Tell us a little about yourself.
I am 16 years old, a student at the International School of Frankfurt, and currently in my senior year. As an International Baccalaureate student I am surrounded by many different cultures and religions, very aware of global issues and very engaged and interested in organizations such as Meir Panim. I am a very creative person and interested in languages. Speaking three languages – German, English and French – I am always able to communicate while traveling, which benefitted me on this trip to Israel.
How did you find out about Meir Panim?
My father, Michael Keller, one of the founding donors of Meir Panim, passed on his passion for Israel and made me aware of the issue of poverty in the country.
What does your volunteer work consist of?
I worked at one of the food kitchens/restaurants in Jerusalem. From 11am-3pm I served food to people in need, as well as cleaned the restaurant at the end of the day.
What is it you enjoy most about the work?
I definitely enjoyed communicating with the diners and I could even have a full conversation if they were able to speak English or French. The goal of the “free restaurant” is to establish a warm environment resembling a normal restaurant. In making people feel welcome, a major contribution is communication – hearing their individual stories and listening to what they have to say.
What do you think of MP’s staff? Any stories?
The staff at Meir Panim is very welcoming and friendly, making it easy for volunteers to integrate and be part of it. They even taught me how to clean more efficiently! Tell us about a special experience you’ve had. One day a very kind older woman entered the restaurant to have her daily meal. I started a conversation with the delightful and curious lady and found out that she speaks French. We shared our interest in the language and she talked about her background. It was very special to me that we were able to communicate in French in Israel. From that point on we built up a “relationship” – what you can call a relationship in such a short period of time. Having something in common helped me to get to know her better and in the kitchen adjust to her needs personally.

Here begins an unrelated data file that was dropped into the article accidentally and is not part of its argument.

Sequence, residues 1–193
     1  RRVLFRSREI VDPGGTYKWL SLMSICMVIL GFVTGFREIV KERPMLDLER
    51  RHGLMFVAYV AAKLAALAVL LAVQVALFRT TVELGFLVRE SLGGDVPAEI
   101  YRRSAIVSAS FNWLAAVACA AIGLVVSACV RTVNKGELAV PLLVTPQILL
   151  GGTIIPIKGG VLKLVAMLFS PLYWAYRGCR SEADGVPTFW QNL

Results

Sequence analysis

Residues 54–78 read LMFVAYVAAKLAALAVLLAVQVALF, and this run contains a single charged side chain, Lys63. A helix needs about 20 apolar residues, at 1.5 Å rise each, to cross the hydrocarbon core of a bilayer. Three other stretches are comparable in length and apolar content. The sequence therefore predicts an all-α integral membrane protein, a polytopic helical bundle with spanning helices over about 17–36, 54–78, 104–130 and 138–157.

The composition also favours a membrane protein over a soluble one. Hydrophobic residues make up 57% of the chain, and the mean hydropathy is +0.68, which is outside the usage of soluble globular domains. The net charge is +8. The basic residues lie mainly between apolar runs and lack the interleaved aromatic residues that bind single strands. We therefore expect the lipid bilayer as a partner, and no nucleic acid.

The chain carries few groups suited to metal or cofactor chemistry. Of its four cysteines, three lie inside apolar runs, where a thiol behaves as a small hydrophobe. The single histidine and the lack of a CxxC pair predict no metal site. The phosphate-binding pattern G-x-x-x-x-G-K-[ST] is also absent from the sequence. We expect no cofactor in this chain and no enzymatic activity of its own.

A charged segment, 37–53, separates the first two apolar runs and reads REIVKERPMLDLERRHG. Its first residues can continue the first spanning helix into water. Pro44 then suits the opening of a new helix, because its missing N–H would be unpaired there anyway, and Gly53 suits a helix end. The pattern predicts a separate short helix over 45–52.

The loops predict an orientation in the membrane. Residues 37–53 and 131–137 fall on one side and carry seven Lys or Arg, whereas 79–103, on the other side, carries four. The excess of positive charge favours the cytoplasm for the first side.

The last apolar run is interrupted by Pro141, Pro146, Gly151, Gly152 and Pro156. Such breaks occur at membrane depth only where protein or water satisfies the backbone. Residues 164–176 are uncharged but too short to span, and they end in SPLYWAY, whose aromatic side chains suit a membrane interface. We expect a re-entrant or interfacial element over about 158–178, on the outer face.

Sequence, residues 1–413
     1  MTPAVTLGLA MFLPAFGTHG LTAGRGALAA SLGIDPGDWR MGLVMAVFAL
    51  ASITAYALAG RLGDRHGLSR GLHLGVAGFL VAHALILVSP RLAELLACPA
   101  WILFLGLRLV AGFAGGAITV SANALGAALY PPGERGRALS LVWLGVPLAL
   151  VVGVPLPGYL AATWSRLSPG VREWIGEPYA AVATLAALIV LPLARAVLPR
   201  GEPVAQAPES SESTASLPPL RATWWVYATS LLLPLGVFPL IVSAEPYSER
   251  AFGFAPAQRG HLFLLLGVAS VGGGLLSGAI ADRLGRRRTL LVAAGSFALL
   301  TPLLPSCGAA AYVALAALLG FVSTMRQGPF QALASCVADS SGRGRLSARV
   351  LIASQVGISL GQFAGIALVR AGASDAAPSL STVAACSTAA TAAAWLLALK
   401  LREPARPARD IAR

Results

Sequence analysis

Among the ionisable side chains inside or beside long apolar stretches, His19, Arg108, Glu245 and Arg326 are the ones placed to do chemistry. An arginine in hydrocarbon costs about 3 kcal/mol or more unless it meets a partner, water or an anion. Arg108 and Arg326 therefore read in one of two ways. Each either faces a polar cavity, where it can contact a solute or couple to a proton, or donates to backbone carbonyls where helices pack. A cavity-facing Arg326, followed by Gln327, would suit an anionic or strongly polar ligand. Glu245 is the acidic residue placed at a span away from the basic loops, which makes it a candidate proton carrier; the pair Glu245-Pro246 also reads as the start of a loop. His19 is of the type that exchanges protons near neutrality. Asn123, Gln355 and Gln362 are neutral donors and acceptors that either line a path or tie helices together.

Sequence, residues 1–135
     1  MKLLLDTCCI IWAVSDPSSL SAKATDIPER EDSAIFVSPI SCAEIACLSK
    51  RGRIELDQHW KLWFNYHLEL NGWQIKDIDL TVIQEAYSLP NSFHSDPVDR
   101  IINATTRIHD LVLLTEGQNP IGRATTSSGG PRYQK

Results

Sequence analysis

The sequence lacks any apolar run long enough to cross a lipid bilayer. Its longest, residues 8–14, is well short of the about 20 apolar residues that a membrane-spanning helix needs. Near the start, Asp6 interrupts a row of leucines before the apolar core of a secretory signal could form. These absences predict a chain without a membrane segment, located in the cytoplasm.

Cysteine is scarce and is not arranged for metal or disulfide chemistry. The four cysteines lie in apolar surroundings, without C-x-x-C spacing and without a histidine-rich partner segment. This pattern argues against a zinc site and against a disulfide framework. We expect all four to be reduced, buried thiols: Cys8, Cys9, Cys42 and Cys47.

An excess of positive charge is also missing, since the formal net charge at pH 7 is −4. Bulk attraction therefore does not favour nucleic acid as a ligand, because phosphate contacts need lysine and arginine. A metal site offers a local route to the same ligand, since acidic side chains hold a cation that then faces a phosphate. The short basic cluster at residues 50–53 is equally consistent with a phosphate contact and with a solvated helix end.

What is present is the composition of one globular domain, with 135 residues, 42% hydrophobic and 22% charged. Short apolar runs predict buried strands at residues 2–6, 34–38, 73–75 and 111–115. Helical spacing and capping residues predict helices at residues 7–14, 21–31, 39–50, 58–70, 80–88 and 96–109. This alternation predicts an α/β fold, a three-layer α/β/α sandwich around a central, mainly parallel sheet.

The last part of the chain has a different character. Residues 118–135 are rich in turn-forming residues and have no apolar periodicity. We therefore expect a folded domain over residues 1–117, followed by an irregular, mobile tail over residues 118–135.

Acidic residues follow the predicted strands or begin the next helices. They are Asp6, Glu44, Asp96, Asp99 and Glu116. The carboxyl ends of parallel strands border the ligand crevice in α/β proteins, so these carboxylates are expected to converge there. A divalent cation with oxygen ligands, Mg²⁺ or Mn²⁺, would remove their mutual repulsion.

Do you think Meir Panim creates a change in the people they help?
Definitely. I have seen the reactions on people’s faces every day to the warm welcome and the services we as volunteers, and of course the staff, offer them. They have somewhere to go where they are accepted and taken care of. It becomes part of their daily routine and gives them the support in their every-day life that they need.
In your country of origin, are there any similar organizations? How do they compare to MP?
In my country, Germany, poverty is not one of its biggest issues and therefore not a lot of organizations like Meir Panim can be found. The German organizations I know of focus on current global issues or on poverty in less fortunate countries (UNICEF). How do you think Meir Panim could spread its message in your community? As a student, the best way to spread Meir Panim’s message is to inform other students and parents. This could be done with leaflets or brochures but even better, in my opinion, is sharing personal experiences. An information evening could be organized to convey the message formally in front of a bigger audience.
Is it hard to dedicate so much of your time without any compensation?
In my opinion, the smiles of thankfulness and happiness are the best reward. You can only experience this if you are part of it. You see and feel the hope you give to people just by welcoming them with a warm smile and meal, and therefore I do not find it hard to dedicate my time. It is important, and sometimes even necessary, to escape the every-day life and volunteer at organizations like this in order to realize the important things in life.